Belief in Santa changes through generations

Source: Scripps Howard News Service
Date: December 06, 2004

Americans are learning the truth about Santa at a much earlier age these days.

Blame the Internet, our cynical times or perhaps the increasing sophistication of youth. Whatever the reason, a survey of 1,022 people found that young adults typically came to a more complete understanding of Saint Nicholas at least a year earlier than did members of the baby-boom generation.

"The interest in Santa Claus isn't flagging. Just look at all of the movies and television shows being produced about him," said Jeff Guinn, publisher of "Autobiography of Santa Claus."

"But, as in every aspect of life, people are losing their innocence at a younger and younger age."

A poll sponsored by Scripps Howard News Service and Ohio University found that nearly two-thirds of adults in the study doubt that "children today are as likely to believe in Santa Claus" as when they were children.

Those fears seem justified considering the answers survey participants gave to the question: "How old were you when you learned the truth about Santa Claus." Adults younger than 25 said they came to a more complete awareness of Kris Kringle at an average age of 7.7, the youngest average for any age group in the poll.

The typical age for the loss of innocence increased steadily among older groups, reaching 8 among 25-to-34-year-olds and at least 8.7 years for 35-to-54-year-olds. The averages then dropped, slightly, among Americans born during the Great Depression, although nowhere near as low as among today's young adults.

"Our studies indicated that children go through a gradual series of changes in their beliefs over a period of two or three Christmases," said Carl Anderson of Austin, Texas, a licensed psychologist and professional storyteller who portrays Santa Claus. "Kids don't get as concerned about illogic or irrationalities as adults. But as they get older, they start letting go of that magical thinking and start having doubt."

Anderson said there has been little study into children's belief of Santa Claus, but psychologists in 1896 and 1977 did question school children in Lincoln, Neb., on the subject.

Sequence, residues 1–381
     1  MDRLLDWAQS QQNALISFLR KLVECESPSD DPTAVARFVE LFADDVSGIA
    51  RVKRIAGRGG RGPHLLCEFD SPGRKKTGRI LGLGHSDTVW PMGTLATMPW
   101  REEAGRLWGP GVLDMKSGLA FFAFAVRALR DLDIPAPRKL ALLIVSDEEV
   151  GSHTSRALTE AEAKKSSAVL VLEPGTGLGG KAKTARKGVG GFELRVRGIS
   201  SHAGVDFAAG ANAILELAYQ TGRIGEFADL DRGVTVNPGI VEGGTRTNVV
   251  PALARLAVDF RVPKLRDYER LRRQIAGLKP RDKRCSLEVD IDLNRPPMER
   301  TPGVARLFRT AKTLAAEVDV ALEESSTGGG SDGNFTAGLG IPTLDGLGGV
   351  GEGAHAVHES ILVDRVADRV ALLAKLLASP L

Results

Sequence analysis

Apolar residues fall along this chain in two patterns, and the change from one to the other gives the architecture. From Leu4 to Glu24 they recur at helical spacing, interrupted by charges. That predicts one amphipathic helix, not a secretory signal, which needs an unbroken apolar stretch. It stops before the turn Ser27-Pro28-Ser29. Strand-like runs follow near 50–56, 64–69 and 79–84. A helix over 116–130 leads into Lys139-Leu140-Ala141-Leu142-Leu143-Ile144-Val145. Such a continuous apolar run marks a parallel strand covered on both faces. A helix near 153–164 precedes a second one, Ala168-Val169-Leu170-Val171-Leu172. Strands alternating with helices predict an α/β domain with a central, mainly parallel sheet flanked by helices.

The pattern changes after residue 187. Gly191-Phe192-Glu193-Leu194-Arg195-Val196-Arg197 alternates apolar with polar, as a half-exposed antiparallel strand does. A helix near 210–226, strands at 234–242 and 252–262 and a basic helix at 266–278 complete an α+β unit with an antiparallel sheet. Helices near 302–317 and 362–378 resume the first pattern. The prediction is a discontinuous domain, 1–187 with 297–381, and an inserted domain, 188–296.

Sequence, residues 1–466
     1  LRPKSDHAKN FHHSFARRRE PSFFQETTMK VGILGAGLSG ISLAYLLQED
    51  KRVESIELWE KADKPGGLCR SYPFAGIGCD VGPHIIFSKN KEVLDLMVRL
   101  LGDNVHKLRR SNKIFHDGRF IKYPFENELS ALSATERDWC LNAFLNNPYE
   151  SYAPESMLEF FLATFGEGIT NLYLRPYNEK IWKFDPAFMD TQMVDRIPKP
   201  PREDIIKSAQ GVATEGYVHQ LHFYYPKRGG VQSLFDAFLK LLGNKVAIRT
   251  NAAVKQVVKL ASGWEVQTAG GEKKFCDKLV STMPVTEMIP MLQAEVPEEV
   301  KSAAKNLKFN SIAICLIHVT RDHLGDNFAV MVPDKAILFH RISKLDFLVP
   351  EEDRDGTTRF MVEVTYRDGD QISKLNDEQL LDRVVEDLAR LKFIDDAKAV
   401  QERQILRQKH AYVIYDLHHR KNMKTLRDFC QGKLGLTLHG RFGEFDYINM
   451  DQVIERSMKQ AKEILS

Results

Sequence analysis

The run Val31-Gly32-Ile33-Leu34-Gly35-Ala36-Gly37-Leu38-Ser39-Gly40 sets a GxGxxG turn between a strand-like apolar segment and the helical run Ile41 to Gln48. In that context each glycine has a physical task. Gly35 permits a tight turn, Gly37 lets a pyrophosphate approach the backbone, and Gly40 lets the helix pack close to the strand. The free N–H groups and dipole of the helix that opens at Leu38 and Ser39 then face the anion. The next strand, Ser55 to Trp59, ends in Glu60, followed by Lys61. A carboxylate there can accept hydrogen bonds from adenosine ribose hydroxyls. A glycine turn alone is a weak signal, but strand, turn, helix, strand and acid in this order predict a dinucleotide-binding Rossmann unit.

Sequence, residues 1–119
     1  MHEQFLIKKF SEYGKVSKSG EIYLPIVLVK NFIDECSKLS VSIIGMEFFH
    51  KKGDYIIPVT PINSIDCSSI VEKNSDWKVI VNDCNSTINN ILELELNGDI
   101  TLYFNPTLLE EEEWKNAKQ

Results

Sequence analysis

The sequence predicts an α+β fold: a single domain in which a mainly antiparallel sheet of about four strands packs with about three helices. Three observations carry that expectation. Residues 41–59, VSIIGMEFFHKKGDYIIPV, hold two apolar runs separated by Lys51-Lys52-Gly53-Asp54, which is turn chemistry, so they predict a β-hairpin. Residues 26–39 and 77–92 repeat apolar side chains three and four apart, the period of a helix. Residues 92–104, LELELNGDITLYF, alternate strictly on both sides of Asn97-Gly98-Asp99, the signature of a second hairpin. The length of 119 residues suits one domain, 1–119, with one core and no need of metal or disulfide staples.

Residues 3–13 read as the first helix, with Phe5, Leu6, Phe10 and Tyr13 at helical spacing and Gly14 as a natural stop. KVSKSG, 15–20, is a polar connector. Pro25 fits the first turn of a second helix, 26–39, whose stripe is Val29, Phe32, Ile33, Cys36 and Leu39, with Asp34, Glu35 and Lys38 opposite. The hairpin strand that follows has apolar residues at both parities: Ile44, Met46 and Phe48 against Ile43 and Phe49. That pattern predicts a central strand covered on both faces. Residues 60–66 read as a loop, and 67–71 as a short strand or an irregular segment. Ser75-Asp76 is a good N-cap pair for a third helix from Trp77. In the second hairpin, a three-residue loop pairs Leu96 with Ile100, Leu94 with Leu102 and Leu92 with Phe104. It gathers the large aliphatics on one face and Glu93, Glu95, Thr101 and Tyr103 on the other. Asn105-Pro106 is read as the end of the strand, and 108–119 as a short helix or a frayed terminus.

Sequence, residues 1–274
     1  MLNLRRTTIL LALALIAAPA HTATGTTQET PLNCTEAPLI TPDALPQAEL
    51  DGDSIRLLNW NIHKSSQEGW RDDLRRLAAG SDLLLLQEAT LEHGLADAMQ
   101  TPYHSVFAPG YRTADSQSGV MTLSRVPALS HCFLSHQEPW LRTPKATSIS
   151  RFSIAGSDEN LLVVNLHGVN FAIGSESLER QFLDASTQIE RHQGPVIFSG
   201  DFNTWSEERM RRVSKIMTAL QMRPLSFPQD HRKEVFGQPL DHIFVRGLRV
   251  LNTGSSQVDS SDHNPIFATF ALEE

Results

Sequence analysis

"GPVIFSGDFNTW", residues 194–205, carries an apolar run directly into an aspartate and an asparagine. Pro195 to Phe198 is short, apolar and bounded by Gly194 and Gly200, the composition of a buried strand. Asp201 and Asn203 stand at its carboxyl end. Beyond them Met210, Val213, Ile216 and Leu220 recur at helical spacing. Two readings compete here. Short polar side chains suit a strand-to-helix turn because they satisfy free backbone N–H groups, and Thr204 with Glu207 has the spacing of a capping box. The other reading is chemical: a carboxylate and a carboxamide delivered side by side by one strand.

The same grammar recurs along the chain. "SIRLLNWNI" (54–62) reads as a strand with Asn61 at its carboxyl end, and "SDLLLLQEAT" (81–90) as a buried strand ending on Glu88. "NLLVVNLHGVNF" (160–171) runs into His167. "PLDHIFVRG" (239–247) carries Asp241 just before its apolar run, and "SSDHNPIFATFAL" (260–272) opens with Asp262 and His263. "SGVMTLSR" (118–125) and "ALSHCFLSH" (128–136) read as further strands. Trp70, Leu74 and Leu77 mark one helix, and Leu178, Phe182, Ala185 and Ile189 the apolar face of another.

"The kids in 1896 said they had more of a belief in the supernatural aspects of the story of Santa Claus, while kids in 1977 were more believing in Santa as an actual human being," he said.

The survey, overall, found that childhood belief in the story of Saint Nick is widespread throughout American society. College-educated people living in affluent households came to a full understanding of Santa Claus at about the same time as did high-school graduates living in blue-collar families.

People who have no religious preferences, who describe themselves as "very liberal" or who are extremely well-educated tended to know the full story of Santa before their eighth birthday.

But some people keep their innocence far beyond the national average of 8.3 years of age. The survey found 23 percent who said they were 10 or older before they knew the complete story.

"Sometimes there will be a kid who is 9 or 10 years old who will come up and whisper in my ear: 'I know,' " Anderson said. "And sometimes a kid will say something like: 'Well, you've been very good to me over the years, but this may be the last time I will come to see you.' They can be very sweet, actually."

The survey found 62 percent said they doubt that children today are as likely to believe in Santa as were previous generations, a worry that is particularly high among the youngest adults in the poll.

The survey was conducted Oct. 3-13 at the Scripps Survey Research Center under a grant from the Scripps Howard Foundation. It has a margin of error of plus or minus 4 percentage points.